Dress codes and appearance at work can be sensitive subjects. Employers have many valid reasons for wanting to impose a dress code, for example to communicate a certain corporate image, to make employees visible to customers or to ensure health and safety. However, if your dress code is not implemented carefully it can cause controversy among employees and, in extreme cases, garner bad publicity for your organisation or even lead to claims for discrimination.
You may remember the fuss recently caused by the news report that that a woman had been sent home from her receptionist job at PWC for failing to wear high heels in accordance with the dress code of the company who provides PWC’s front of house staff, Portico. The requirement for women to wear heels as opposed to simply smart shoes was seen as discriminatory. It generated a load of bad publicity for both PWC and Portico and Portico amended its policy immediately.
How can you ensure your dress code doesn’t cause problems for your organisation?
Any relevant parts of the EHRC Code must be taken into account by an employment tribunal if it is relevant to any questions arising in any employment tribunal proceedings. Acas also provides guidance on dress codes.
You must avoid unlawful discrimination in any dress code policy. You must not discriminate in respect of the protected characteristics in the Equality Act 2010: age, disability, gender reassignment, religion or belief, sex, or sexual orientation.
You should make sure that any dress rules can be justified as a proportionate means of achieving a legitimate aim such as health and safety considerations.
Dress codes must apply to both men and women equally, although they may have different requirements e.g. men can be requested to wear a collar and tie but the equivalent for women might be smart business dress.
It is good practice to consult with workers as to how a dress code may impact on different religious or belief groups, and whether any exceptions should be allowed—for example, for religious jewellery.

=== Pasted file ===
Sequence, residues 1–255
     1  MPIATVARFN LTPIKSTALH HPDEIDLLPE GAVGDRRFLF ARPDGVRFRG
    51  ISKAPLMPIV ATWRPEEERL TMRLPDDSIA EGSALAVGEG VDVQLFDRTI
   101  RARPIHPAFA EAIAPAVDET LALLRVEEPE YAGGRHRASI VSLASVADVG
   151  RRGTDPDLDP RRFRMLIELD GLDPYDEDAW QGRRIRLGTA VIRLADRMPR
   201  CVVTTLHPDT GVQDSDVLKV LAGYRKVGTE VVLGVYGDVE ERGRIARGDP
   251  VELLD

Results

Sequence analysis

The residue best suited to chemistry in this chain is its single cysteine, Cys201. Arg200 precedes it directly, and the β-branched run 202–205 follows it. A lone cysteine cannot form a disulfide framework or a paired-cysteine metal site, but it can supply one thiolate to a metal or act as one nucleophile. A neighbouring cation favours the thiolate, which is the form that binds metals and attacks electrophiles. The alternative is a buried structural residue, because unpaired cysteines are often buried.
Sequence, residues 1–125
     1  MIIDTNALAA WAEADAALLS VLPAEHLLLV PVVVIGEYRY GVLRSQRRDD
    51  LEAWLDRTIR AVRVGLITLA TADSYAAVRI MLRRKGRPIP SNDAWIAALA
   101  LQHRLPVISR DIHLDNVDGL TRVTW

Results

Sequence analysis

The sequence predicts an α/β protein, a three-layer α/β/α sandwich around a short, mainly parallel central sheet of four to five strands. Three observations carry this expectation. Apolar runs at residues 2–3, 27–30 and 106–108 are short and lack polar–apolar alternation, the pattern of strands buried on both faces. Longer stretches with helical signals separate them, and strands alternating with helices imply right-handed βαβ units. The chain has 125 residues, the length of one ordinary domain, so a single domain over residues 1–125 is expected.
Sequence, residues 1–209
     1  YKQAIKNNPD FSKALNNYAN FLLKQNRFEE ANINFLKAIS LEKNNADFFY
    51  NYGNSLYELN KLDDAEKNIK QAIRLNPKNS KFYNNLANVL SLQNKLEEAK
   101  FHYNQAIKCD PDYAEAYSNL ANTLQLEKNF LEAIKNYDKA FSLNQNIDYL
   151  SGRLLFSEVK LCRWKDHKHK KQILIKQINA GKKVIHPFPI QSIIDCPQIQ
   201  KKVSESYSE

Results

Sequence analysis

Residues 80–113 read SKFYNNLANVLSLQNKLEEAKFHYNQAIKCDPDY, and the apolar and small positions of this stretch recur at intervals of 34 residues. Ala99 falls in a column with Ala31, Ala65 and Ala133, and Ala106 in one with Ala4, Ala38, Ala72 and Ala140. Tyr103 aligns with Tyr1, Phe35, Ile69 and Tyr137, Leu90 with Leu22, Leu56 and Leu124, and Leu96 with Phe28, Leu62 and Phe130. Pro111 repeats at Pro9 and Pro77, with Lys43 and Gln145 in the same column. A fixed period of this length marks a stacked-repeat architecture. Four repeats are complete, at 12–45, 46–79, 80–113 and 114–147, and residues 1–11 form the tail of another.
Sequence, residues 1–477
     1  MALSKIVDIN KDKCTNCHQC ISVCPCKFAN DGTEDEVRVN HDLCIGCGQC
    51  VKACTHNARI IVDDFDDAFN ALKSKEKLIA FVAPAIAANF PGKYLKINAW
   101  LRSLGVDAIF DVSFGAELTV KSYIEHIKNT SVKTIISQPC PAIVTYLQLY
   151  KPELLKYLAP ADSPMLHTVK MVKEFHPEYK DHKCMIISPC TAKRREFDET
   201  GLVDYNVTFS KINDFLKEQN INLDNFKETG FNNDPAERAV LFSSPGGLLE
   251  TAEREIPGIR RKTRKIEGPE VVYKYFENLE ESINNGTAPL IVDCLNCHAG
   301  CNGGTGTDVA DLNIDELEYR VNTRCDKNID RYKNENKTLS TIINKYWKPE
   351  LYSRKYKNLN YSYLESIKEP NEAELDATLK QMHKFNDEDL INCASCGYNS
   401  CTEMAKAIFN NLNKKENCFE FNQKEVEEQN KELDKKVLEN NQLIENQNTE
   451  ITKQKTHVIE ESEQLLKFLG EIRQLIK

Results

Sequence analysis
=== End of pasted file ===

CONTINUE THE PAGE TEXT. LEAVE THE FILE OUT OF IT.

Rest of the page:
Reasonable adjustments must be made for disabled people when dress codes are in place.
If a male-to-female transsexual person is prevented from wearing a skirt where other women are permitted to do so, this could amount to direct discrimination because of gender reassignment.
Piercings and Body Art:
An issue that has come up more frequently in recent years is that of piercings and body art and what is acceptable in the workplace. Many employers have in place a strict no tattoo or visible bodily modification policy but the number of people with visible tattoos and piercings is rising so the policy may be increasingly out of step with modern attitudes.
The Police Federation are currently challenging the Metropolitan Police’s policy of not allowing officers to have tattoos visible on their hands, neck or face. The Federation believes that lifting the ban is necessary if the police service truly wants to embrace diversity and widen the talent pool it recruits from.
Individuals displaying tattoos, piercings and body modifications are not protected under the Equality Act 2010, and therefore there can be no direct discrimination claim in relation to employment.
While you can make the decision to not employ people with tattoos or visible piercings you should consider whether you are at risk of missing out on talented workers. If you have a restriction on visible piercings and tattoos in the workplace ACAS advises that it should be written down in a policy which should be communicated to all staff so they understand what standards are expected from them. Legally businesses may require tattoos to be covered up in the workplace, if they have a business case for doing so.
Fiona Wheeler is a Trainee Solicitor at Helix. She recently completed the Graduate Diploma of Law at the University of Brighton, winning the Thomson Reuters prize for best overall mark, and is currently studying the Legal Practice Course at the University of Law in parallel with her training contract.
This article is written to raise awareness of the issues it discusses and it may not be updated after it is first written, even if the law changes. It is not intended to be legal advice and cannot be relied on as such. Helix Law is not responsible or liable for any action taken or not taken as a result of this article. If you think the matters set out affect you and you wish to apply them to your particular circumstances then we are happy to give you free initial telephone advice.